Now this applied to Lower Canada, but it also applied, and with equal force, to Upper Canada and the other Provinces; for in Lower Canada there was a Protestant minority, and in the other Provinces a Roman Catholic minority. The same privileges belonged to the one of right here, as belonged to the other of right elsewhere. There could be no greater injustice to a population than to compel them to have their children educated in a manner contrary to their own religious belief. It had been stipulated that the question was to be made subject to the rights and privileges which the minorities might have as to their separate and denominational schools. There had been grave difficulties surrounding the separate school question in Upper Canada, but they were all settled now, and with regard to the separate school system of Lower Canada he was authorised by his colleagues to say that it was the determination of the Government to bring down a measure for the amendment of the school laws before the Confederation was allowed to go into force. (Loud cheers.)
He made this statement because, as the clause was worded in the printed resolutions, it would appear that the school law, as it at present existed, was to be continued. Attention had however been drawn in Conference to the fact that the school law, as it existed in Lower Canada, required amendment, but no action was taken there as to its alteration, because he hardly felt himself competent to draw up the amendments required; and it was far better that the mind of the British population of Lower Canada should be brought to bear on the subject, and that the Government might hear what they had to say, so that all the amendments required in the law might be made in a bill to be submitted to Parliament; and he would add that the Government would be very glad to have amendments suggested by those, who, from their intelligence or position, were best able to propose them. (Hear.)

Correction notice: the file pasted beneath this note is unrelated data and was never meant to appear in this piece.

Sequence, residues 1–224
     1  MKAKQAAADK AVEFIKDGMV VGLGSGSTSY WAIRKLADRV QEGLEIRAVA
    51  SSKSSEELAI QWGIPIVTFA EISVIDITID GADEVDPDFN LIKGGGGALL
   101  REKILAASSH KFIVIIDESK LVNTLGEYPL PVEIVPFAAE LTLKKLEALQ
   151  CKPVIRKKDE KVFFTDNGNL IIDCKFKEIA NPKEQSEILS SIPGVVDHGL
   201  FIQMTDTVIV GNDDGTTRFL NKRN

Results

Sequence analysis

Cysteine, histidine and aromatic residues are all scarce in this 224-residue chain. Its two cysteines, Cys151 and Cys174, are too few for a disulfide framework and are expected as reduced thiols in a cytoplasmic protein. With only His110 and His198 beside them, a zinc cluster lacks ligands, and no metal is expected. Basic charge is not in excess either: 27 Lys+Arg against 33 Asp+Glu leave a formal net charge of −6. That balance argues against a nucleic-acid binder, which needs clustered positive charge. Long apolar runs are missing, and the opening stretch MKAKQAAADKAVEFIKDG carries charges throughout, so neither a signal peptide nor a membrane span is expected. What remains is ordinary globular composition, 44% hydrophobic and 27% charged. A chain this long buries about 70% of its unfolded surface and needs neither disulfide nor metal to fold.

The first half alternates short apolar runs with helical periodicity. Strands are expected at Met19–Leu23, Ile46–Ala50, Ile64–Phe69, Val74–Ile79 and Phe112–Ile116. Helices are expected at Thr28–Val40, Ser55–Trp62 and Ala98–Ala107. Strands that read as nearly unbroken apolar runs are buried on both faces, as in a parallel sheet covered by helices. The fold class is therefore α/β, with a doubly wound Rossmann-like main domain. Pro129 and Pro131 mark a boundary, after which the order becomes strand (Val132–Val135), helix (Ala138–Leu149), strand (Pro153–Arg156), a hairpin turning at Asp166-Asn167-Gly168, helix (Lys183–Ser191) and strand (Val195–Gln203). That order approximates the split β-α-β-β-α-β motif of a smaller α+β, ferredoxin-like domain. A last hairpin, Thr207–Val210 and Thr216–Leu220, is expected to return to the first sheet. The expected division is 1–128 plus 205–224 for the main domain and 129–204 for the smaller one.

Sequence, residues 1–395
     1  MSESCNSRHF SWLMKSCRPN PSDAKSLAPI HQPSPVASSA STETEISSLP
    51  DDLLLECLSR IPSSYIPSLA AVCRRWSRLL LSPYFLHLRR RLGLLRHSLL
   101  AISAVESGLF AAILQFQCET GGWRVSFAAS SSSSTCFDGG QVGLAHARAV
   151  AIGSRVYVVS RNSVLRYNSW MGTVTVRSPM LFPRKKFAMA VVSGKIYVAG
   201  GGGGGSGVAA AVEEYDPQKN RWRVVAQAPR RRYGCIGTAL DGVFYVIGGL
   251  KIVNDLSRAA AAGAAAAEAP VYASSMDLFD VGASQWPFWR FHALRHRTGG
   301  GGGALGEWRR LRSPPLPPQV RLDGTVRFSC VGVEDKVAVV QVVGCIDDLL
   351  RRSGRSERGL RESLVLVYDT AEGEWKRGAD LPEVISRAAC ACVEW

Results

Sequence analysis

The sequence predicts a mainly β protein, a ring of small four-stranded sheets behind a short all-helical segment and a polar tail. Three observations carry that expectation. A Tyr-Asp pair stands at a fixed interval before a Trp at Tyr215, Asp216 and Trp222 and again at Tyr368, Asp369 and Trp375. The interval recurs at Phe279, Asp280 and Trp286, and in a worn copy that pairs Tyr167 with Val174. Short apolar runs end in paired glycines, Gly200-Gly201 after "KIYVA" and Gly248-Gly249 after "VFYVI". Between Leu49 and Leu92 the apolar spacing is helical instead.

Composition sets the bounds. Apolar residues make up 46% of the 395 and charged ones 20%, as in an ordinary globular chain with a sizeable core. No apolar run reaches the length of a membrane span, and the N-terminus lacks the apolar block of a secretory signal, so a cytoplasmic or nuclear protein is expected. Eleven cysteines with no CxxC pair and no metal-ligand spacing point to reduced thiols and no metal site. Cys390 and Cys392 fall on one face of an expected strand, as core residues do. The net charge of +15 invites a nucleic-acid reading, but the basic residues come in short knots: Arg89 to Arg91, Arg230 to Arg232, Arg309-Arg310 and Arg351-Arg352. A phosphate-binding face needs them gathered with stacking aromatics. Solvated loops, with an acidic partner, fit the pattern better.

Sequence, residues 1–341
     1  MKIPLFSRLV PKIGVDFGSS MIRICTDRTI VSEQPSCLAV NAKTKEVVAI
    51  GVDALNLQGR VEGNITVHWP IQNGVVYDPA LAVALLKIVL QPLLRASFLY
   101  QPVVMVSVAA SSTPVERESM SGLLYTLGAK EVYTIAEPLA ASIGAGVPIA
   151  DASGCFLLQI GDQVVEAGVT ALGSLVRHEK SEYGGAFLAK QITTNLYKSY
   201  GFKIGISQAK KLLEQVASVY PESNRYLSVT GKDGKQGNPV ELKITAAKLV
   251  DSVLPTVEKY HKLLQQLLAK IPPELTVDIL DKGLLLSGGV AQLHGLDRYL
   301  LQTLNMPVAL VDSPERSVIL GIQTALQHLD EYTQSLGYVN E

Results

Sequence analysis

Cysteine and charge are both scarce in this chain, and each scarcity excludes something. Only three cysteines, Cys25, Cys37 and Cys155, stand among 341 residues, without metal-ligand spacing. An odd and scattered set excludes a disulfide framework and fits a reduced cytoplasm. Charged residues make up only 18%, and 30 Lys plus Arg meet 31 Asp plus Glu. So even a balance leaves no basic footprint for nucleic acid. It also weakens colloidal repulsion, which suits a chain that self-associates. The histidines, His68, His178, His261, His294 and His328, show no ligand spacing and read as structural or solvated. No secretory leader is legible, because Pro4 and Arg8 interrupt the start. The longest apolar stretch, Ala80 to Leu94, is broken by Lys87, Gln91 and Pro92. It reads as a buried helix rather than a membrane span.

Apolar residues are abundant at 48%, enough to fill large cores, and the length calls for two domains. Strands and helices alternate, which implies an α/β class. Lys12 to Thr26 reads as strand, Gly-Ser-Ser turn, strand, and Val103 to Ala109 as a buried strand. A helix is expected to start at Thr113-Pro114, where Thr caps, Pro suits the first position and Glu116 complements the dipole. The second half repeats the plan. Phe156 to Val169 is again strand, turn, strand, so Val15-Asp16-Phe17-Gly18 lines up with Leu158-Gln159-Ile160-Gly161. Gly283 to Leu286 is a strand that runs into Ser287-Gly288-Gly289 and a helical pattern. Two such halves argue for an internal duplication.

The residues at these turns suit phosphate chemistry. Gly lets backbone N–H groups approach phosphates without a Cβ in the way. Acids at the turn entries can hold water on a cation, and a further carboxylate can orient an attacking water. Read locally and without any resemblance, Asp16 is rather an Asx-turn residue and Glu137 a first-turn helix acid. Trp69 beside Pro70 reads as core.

It was clear that injustice could not be done to an important class in the country,
such as the Protestants of Lower Canada or the Roman Catholics of Upper Canada, without sowing the seeds of discord in the community, to an extent which would bear fatal fruit in the course of a very few years. (Hear.)
The question of Education was put in generally,—the clause covering both superior and common school education, although the two were to a certain extent distinct. This was not the place, nor had he the time or ability to enlarge upon the subject; but he might observe that common school education was that which we were called upon to give to the whole of the people, but that superior education was different; in that, we aimed at something higher; we took the finest minds of the country, the best talent that was growing up around us, and endeavored to enable our youth, educated at our Universities, to hold their own position and be an honor to their country in any part of the world; to fill up our Bench, to supply our Bar, to be the ornaments of our church, to be distinguished in the medical profession. He hoped and believed when the question came up in Parliament for disposal, the Legislature would rescue the Lower Canadian institutions for Superior Education from the difficulties in which they now stood; and this remark applied both to Roman Catholic and Protestant institutions. (Hear.)
HOSPITALS, PRISONS, AS.